Why can a loaded image live in both setup() and draw()?

Hello, the title says it all. I am just a bit surprised about how it works. I am sure there is some logic why it was featured like this...


  • You mean like this?

    PImage img;
    void setup(){
      img = loadImage("someImage.png");
    void draw(){
      image(img, 0, 0);

    The short answer is that the image is being stored in the heap, not the stack. But really it's a bit more complicated than that. How far down the rabbit hole do you want to go?

  • When a variable is declared before setup() it is a global var (it has global scope) and is known in the entire sketch (as tfguy has scown)

    This is very comfy for every var we need everywhere

    when a var is declared inside a function only it is known only inside the function and not somewhere else. This is a local variable. It is wise to use local vars when possible because it is clearer

    When you have a global var and declare a local var with the same name (which is possible but unwise) the local var overshadows the global var (only the local var gets used)

  • @TfGuy44 : this is the p5js category so best to write a JS example - and best practice is to use preload.

  • Hey, thank you for the answers. What I had in mind is the following: Here is the p5.js loadImage() reference:


    There is a preload, ok, but then, the method to make the image appear is in setup(). This is for me the confusing part because this wouldn't work with shapes. There, you have no choice but to use function draw() for the displaying.

    ...of course you can use loadImage like this:

    var img;
    function preload() {
    img = loadImage("assets/laDefense.jpg");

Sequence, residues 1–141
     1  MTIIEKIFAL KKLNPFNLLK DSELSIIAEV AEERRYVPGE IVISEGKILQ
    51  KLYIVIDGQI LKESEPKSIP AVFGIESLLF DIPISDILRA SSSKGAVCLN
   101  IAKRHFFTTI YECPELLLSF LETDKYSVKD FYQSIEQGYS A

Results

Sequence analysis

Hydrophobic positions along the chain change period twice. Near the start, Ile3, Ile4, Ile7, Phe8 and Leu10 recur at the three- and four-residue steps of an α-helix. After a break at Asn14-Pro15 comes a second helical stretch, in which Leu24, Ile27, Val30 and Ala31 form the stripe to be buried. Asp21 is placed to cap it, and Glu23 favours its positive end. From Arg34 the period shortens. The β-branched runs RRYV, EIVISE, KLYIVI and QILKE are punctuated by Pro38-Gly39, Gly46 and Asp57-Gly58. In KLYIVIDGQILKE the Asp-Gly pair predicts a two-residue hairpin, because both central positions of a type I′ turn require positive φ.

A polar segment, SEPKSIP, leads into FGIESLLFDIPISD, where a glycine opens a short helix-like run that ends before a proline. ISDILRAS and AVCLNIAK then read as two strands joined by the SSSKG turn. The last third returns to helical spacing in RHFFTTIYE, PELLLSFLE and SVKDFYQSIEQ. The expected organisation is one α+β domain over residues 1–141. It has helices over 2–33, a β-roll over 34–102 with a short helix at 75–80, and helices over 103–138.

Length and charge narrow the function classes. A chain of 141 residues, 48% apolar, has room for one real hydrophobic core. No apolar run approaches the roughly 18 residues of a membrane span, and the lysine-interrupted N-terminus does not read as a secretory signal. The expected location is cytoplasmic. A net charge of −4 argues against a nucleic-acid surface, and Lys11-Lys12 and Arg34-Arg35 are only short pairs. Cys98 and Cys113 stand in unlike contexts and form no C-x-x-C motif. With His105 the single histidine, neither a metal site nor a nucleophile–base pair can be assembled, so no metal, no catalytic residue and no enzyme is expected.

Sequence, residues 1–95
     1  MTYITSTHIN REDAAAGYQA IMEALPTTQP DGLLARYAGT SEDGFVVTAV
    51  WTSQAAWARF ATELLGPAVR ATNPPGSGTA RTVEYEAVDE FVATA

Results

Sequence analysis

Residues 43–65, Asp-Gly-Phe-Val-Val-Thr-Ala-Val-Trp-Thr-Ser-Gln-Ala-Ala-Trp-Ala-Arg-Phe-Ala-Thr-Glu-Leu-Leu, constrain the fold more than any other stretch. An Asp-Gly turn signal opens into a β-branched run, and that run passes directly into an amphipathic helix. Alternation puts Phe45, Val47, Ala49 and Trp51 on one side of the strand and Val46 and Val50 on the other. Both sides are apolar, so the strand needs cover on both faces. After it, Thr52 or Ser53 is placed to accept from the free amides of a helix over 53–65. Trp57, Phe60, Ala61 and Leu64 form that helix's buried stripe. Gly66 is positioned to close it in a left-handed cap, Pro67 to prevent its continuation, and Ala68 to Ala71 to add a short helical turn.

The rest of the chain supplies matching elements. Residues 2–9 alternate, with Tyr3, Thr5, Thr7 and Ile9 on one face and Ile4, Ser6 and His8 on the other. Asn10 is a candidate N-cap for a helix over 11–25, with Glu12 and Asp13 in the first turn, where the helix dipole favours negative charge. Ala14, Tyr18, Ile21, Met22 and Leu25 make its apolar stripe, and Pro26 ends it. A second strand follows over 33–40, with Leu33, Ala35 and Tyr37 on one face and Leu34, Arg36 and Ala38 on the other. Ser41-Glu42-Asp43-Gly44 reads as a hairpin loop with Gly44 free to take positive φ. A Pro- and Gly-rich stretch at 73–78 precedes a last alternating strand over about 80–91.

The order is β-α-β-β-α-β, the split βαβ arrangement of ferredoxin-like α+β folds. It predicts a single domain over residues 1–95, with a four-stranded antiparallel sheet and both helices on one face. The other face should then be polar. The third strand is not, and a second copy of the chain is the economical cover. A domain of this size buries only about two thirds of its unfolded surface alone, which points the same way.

function draw() {
    image(img, 0, 0);

    ...which would be the more straightforward way. I was just wondering why is it possible to use setup()

  • edited April 2016

    setup(), besides its main role at initializing & pre-configuring the canvas, can be used for static canvas results. That is, if something isn't dynamically "animated", there's no need for draw().

  • Answer ✓

    Here's an online static example written in Java/JS mode:

    It merely renders a fractal image and displays it once finished. There's no animation of it at all.
    Notice that it doesn't even have a setup() callback there! =P~
    Although if you wish to convert it to p5.js, you're gonna need to wrap it up in setup() though. :-@

  • I feel a bit stupid, posting here without properly checking, indeed drawing into setup() works for anything, not only loaded images. And your fractal example is powerful. So it is actually possible to combine visual layers of stuff that lives in setup() and draw()? Which would mean only adding layers to draw() with lots of transparency...

  • Of course I am assuming that it would be more CPU saving in some situations.

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